Austerity Canada

Three planks for a possible anti-austerity

What would anti-austerity in Canada look like? There are really two types of questions here. There are those of analysis: what has Canada’s austerity looked like, what makes it distinctive and how does it appear in people’s everyday experience? The others are those of political strategy. These are questions that will have to wait for a social, political force ready to meaningfully take up the cause of anti-austerity. With none on the immediate horizon, I don’t intend to pontificate on what Syriza can teach Canada; best look first at what we can learn of our own situation.

When I interviewed him last week, Yanis Varousfakis, now the Finance Minister of Greece, laid out three very general planks of Syriza’s anti-austerity program. Of course, Greece is the unenviable victim of the cruelest austerity experiment in the North, but simplified to their most basic form the three planks articulated by Yanis have broad applicability. To paraphrase, they are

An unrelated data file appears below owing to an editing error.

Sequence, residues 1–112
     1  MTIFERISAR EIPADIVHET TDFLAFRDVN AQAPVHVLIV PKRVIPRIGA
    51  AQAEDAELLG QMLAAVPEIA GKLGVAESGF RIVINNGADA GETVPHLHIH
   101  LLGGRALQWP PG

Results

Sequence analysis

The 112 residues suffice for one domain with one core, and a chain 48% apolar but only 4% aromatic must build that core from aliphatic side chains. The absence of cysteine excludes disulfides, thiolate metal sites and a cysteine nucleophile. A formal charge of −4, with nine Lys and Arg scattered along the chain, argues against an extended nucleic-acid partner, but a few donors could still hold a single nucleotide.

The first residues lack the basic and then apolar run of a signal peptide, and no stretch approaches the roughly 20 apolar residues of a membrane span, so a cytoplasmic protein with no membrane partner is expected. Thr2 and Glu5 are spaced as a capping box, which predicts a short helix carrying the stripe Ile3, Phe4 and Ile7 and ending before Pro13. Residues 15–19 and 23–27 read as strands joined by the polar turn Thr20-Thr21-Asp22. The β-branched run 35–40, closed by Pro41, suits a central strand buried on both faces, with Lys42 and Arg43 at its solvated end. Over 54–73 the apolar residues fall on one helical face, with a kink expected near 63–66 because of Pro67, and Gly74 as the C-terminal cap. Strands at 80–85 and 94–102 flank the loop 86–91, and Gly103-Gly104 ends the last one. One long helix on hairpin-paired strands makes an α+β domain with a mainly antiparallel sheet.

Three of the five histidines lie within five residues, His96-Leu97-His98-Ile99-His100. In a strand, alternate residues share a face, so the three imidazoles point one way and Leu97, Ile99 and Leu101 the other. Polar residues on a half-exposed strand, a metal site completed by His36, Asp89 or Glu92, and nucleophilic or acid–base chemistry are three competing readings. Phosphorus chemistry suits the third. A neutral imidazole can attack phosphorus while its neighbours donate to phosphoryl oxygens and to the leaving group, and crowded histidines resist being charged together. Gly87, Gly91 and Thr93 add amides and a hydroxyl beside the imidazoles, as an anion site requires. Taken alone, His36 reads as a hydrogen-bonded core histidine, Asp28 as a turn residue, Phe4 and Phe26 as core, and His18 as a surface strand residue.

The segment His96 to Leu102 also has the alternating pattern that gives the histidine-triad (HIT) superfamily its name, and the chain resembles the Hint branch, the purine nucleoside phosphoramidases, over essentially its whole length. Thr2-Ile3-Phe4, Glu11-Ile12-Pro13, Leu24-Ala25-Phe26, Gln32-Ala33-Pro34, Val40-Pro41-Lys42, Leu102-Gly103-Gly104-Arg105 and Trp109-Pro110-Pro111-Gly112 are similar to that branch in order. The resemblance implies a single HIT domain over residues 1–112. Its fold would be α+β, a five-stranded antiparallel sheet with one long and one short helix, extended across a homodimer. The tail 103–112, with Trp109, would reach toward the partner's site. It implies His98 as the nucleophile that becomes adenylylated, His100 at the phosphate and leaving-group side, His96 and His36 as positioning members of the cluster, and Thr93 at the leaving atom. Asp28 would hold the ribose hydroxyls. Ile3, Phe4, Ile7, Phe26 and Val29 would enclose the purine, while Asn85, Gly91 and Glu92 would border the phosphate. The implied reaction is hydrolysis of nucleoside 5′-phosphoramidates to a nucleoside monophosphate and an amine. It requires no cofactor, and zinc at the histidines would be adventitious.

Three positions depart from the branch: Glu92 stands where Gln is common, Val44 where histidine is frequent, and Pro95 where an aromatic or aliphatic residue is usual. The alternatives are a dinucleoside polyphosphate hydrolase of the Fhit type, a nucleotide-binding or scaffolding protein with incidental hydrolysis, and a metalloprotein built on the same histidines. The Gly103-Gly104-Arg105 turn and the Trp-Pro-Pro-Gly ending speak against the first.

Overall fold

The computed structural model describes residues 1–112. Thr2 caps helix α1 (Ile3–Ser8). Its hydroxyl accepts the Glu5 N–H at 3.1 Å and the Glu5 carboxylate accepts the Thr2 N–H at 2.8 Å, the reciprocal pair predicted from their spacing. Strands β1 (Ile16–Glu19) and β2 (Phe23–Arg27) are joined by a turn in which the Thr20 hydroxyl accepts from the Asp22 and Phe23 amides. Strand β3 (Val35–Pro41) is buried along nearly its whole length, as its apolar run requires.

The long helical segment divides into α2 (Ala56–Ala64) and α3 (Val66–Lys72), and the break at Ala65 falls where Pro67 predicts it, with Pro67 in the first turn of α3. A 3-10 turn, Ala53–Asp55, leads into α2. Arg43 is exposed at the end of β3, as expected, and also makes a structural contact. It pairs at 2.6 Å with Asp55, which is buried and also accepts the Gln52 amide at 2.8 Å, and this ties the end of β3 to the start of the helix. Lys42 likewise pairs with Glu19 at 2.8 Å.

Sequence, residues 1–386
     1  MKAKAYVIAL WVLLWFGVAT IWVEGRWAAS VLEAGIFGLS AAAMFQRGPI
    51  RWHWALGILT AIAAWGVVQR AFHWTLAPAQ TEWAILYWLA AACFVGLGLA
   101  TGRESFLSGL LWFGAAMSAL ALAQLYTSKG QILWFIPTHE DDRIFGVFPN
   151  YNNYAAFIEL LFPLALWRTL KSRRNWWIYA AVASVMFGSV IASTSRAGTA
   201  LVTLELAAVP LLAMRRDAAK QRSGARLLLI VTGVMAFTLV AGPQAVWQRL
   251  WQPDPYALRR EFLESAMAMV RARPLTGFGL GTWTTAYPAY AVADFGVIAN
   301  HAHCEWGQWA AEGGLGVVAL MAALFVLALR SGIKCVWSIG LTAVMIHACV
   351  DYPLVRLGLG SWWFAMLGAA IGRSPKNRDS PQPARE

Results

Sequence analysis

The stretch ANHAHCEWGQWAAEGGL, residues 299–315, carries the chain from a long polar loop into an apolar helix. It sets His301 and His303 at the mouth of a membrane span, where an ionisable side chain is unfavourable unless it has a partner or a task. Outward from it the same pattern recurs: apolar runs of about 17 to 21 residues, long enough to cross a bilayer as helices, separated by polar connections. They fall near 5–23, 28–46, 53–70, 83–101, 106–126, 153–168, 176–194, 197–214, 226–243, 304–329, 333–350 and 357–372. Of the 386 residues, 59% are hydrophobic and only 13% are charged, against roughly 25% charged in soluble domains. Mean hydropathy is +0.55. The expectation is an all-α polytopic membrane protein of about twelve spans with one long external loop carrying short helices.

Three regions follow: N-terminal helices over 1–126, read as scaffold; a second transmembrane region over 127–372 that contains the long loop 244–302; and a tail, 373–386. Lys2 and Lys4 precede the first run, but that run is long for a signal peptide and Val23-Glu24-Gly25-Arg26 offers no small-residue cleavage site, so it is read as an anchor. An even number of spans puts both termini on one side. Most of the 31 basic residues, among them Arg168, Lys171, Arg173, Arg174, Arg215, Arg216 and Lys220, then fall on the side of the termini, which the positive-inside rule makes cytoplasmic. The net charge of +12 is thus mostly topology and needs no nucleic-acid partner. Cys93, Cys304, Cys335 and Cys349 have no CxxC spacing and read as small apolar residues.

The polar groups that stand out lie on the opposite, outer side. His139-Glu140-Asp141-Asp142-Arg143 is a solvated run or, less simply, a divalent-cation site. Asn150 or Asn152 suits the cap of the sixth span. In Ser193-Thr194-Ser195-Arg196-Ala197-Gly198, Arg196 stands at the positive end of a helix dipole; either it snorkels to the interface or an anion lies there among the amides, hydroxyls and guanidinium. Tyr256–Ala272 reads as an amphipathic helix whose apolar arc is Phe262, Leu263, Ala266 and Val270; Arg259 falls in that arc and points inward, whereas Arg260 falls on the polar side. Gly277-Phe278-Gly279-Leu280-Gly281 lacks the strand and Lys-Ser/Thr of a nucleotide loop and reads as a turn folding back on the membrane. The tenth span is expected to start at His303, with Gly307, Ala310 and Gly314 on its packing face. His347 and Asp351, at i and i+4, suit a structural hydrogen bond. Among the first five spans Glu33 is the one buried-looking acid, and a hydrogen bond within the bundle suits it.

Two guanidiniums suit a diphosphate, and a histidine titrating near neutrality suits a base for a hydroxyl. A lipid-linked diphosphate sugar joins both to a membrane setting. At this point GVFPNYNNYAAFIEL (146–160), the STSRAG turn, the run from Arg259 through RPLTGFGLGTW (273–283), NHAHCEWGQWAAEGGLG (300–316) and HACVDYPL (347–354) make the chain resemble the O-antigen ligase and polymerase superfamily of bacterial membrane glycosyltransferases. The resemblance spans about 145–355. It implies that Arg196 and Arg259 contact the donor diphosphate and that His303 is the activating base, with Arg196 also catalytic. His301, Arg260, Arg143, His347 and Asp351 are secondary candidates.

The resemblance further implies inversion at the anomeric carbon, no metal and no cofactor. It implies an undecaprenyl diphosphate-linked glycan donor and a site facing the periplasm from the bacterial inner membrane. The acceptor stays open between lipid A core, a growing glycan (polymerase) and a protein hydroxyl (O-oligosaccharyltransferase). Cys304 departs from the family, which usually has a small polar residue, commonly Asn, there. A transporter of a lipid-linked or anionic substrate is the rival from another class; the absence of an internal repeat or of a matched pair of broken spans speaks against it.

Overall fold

1. dealing with debt;
  2. increasing social spending;
  3. generating public revenue.

Anti-austerity in such an utterly simplified form is the better starting point for relevance to the Canadian context than concrete political strategy. To start from the list above is very different from the question of the lessons that the political experiment that is Syriza offers Canada. Mine is a far more modest question – one that can be asked regardless of the (truthfully, sorry) state of any popular alternative to the neoliberal consensus.